Every so often I venture forth from my cubicle and encounter the wider world. I emerge, blinking in the unaccustomed brilliance of natural light (to call it “sunlight” would be a little too optimistic in central Ohio), and make my way to educational institutions, usually to speak about music. That’s happened twice recently, once at Ohio University in Athens, Ohio and once at Mosaic High School in downtown Columbus, Ohio. I always enjoy this. As best I can tell, the kids enjoy it, too, although they may just be feigning interest so they can get a good grade on the “What I Thought of the Guest Speaker” paper they have to write when I leave.
OU was a surreal time. I spent four of the best and worst years of my life in Athens, Ohio, and eventually matriculated, my worthless Creative Writing degree in hand. My youngest daughter goes to school there now. So it was a bit weird showing up at Scripps Hall, the journalism school, a place where I spent exactly 0 hours, and speaking to the would-be music journalists about a lucrative future in music journalism. I was joined by Columbus buddies Joel Oliphint and Dana Stewart, who write about music for local rags, and a guy named Jeff, who covers the music scene in Cleveland.
Our panel discussion was fun, freewheeling, and uninhibited. I still don’t think the kids actually believe that they will be working at Starbucks after they graduate. That’s okay. I wouldn’t have believed it at twenty-one, either. Twenty-three, maybe. That’s “Venti,” pronounced “Venty.” Remember the word, kids.
It was a fun social time. I got to hang out with my daughter Rachel. I got to hang out with Leo DeLuca, drummer and corporate Svengali for the wondrous Athens band Southeast Engine. I got to hang out with Chris Pyle, who runs Donkey, the best coffeehouse in the U.S. At Donkey they just say “Large.” I like it better that way. I got to chat with the owners of Haffa’s Records, which was there in Athens back in the Ford and Carter administration days, and which is still there. It was great to spend time with Joel and Dana, and with Joel’s brother Jared.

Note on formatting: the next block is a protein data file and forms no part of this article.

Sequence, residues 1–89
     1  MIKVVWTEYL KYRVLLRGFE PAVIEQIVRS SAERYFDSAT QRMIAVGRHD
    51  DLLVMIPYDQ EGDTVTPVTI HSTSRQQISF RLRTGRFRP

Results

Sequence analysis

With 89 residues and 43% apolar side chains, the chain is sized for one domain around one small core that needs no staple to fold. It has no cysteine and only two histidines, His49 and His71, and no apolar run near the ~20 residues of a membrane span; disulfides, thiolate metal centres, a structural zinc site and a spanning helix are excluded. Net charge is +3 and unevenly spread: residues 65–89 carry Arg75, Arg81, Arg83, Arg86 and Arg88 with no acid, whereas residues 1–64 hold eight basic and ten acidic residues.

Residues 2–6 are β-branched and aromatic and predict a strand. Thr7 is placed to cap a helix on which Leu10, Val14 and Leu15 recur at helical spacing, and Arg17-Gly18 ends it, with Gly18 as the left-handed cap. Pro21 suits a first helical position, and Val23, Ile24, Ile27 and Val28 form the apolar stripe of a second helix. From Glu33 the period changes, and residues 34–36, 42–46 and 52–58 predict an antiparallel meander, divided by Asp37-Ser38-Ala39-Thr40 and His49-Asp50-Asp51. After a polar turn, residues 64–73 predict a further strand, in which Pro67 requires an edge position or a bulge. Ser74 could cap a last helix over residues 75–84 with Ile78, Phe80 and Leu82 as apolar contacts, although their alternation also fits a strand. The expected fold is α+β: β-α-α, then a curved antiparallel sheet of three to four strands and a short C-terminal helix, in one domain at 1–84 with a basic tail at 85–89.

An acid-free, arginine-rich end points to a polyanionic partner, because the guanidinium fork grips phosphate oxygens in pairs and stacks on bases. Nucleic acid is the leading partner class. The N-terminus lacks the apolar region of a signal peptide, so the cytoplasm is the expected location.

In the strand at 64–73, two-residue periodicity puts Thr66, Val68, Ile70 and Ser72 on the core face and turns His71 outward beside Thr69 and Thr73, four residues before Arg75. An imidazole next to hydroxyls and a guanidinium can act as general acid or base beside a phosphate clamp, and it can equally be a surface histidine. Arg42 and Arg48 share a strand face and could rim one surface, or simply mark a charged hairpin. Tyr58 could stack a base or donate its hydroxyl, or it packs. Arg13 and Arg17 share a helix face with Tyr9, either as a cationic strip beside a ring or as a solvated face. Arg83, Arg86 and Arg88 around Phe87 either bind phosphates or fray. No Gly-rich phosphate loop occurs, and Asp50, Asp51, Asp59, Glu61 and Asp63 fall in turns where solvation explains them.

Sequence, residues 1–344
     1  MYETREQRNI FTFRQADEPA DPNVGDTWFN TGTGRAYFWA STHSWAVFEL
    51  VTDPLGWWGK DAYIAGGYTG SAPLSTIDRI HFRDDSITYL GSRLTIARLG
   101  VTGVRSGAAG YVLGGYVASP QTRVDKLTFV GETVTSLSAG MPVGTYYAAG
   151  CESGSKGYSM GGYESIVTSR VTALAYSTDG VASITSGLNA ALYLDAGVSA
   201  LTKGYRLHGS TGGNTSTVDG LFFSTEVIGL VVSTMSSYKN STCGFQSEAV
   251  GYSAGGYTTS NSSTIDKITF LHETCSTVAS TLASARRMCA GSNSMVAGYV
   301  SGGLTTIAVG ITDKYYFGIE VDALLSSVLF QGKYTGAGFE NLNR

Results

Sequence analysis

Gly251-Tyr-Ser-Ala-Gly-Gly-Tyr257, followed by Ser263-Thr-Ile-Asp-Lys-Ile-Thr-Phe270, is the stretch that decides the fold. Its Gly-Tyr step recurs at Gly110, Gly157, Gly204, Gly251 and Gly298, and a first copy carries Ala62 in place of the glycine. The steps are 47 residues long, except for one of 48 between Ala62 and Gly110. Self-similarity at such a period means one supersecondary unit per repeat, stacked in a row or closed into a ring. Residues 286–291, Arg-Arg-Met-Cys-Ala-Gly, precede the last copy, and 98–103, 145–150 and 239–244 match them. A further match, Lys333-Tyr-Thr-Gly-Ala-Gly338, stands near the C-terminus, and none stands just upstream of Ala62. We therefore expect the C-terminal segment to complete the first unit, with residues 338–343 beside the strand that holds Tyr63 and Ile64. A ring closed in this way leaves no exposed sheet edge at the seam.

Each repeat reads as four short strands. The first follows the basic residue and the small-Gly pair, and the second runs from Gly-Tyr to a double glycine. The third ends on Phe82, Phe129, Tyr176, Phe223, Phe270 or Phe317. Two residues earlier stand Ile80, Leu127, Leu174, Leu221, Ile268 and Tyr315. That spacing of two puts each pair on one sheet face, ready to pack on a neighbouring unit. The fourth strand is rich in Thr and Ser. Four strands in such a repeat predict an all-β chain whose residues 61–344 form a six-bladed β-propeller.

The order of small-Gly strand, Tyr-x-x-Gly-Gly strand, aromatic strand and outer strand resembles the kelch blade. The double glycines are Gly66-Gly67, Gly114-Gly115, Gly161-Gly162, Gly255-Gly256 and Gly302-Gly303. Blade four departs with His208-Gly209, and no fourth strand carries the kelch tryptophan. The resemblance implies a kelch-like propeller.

Then the assembled four music journalists got to judge a Battle of the Bands. A Battle of the Bands? Really? Apparently so, because the aspiring music journalists corralled us all into the Union Bar to listen to four bands. One was a high school version of Fugazi. The other three were decent to good, for different reasons. And eventually we picked a winner, resulting in crushing disappointment that turned into surly booing on the part of the fans of one of the bands that didn’t win. Remind me not to participate in a Battle of the Bands again if the bizarre notion ever enters my head. To the fans of that losing band: It’s okay. It had a good beat. You could dance to it. I’d give it an 82.
Mosaic High School, a week later, was a more concentrated version of Athens. I met high school English teacher Steve Shapiro, who plays in a rock ‘n roll band and reads Paste. That was great fun. I talked with an insanely bright group of high school juniors and seniors. I played some songs and talked about them. I read something I had written. I fielded questions. I had kids reviewing the contents of my iPod, trying to determine if I actually knew what I was talking about. I had aspiring songwriters and band members ask me to listen to their material. I talked to a poor, deluded young woman who wants to be a music critic. Perhaps I’ll see her down the line in Athens. It was a blast.
The kids are alright. I actually hold them in great affection, even the ones who organize Battle of the Bands contests. I’m thankful to be able to venture out occasionally.